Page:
Publishers Weekly articles

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Vantage Press Declares Closure to Creditors | PW

Vantage Press Declares Closure to Creditors | PW

Publishers Weekly is the first in the industry trade to report on the closure of Vantage Press. Vantage Press, one of the original ‘vanity’ publishing businesses, has closed three years after its acquisition by media investment banker David Lamb. In a letter to creditors received by PW, law firm Hendel & Collins of Springfield, Mass. writes,

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How To Avoid The Vanity Publishing Trap

Over the weekend TIPM received an email from an author expressing frustration with trying to navigate the minefield of submission while trying to secure a home for his/her manuscript with a reputable publisher. The email went something along the lines of: “I have read your description of XXXXXXX [publisher name redacted] as a vanity publisher. Can you advise me how to

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John Oakes of Or Books on Disintermediation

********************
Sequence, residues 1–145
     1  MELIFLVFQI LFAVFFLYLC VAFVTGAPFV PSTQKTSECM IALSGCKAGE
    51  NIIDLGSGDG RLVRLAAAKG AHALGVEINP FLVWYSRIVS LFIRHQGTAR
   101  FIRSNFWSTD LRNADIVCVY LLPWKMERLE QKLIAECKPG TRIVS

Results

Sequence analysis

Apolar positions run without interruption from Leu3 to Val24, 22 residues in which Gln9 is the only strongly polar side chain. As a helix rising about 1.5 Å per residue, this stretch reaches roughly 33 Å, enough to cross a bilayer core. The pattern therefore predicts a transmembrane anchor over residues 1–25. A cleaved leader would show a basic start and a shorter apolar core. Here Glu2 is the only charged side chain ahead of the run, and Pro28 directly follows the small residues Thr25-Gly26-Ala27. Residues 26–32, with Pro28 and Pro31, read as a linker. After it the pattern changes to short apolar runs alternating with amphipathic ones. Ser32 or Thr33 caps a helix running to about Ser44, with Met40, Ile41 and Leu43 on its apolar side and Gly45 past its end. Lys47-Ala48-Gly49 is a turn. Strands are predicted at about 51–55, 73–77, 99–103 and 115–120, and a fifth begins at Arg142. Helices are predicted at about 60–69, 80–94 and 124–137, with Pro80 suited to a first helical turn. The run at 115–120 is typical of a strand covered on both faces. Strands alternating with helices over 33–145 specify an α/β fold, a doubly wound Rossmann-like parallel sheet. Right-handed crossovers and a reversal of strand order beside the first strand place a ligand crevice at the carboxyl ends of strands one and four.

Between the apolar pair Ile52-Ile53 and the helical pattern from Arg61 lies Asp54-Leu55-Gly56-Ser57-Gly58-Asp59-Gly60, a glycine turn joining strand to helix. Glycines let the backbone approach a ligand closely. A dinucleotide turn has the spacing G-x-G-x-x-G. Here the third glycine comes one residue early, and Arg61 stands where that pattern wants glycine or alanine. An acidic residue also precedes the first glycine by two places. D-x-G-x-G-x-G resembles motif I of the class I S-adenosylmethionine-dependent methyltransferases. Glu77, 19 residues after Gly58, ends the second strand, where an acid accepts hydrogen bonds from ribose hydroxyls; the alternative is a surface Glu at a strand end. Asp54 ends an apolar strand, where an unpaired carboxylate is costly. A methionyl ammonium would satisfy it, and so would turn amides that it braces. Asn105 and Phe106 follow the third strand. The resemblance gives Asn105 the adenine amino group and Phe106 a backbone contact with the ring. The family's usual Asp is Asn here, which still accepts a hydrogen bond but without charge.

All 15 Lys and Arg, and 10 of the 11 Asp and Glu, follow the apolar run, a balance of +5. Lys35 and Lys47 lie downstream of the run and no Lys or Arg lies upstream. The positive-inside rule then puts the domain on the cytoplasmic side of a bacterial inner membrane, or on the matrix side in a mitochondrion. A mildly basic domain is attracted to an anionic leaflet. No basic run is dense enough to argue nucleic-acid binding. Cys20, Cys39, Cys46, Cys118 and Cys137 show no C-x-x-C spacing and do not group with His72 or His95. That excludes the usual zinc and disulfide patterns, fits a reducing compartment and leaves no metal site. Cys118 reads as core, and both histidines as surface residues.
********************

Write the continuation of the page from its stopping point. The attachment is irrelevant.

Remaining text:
I’m currently researching a piece at the moment on control, disruption and discoverability in the publishing world, so I was certainly interested to come upon this piece by John Oakes of Or Books on Amazon and disintermediation which appeared late last week on Publishers Weekly. I’m all for large publishers embracing the digital revolution – in-house as

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Web Seminar Debates How Self-Publishing Will Lose Its Stigma | Publishers Weekly

Web Seminar Debates How Self-Publishing Will Lose Its Stigma: But first, about those aforementioned bestsellers? Panelist and author Jason Pinter expressed his frustration at always hearing the same few names repeated as examples of how lucrative self-publishing can be. “What annoys me is that the same names are always used: Godin, Konrath, Hocking, The Shack,”

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PW: Two Self-Publishing Stories That Led To Success

Two Originally Self-Published Picture Books Hit Their Strides “Self-publishing ventures turned into very different publishing experiences than expected for two first-time authors. Jennifer Fosberry and Cheryl Kilodavis, each inspired by one of their own children to pen a picture book, followed divergent paths to get their books into print, yet their publishing stories had similar

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